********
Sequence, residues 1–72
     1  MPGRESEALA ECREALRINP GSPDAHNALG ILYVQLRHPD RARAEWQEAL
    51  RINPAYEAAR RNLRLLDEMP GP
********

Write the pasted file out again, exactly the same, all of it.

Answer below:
Sequence, residues 1–72
     1  MPGRESEALA ECREALRINP GSPDAHNALG ILYVQLRHPD RARAEWQEAL
    51  RINPAYEAAR RNLRLLDEMP GP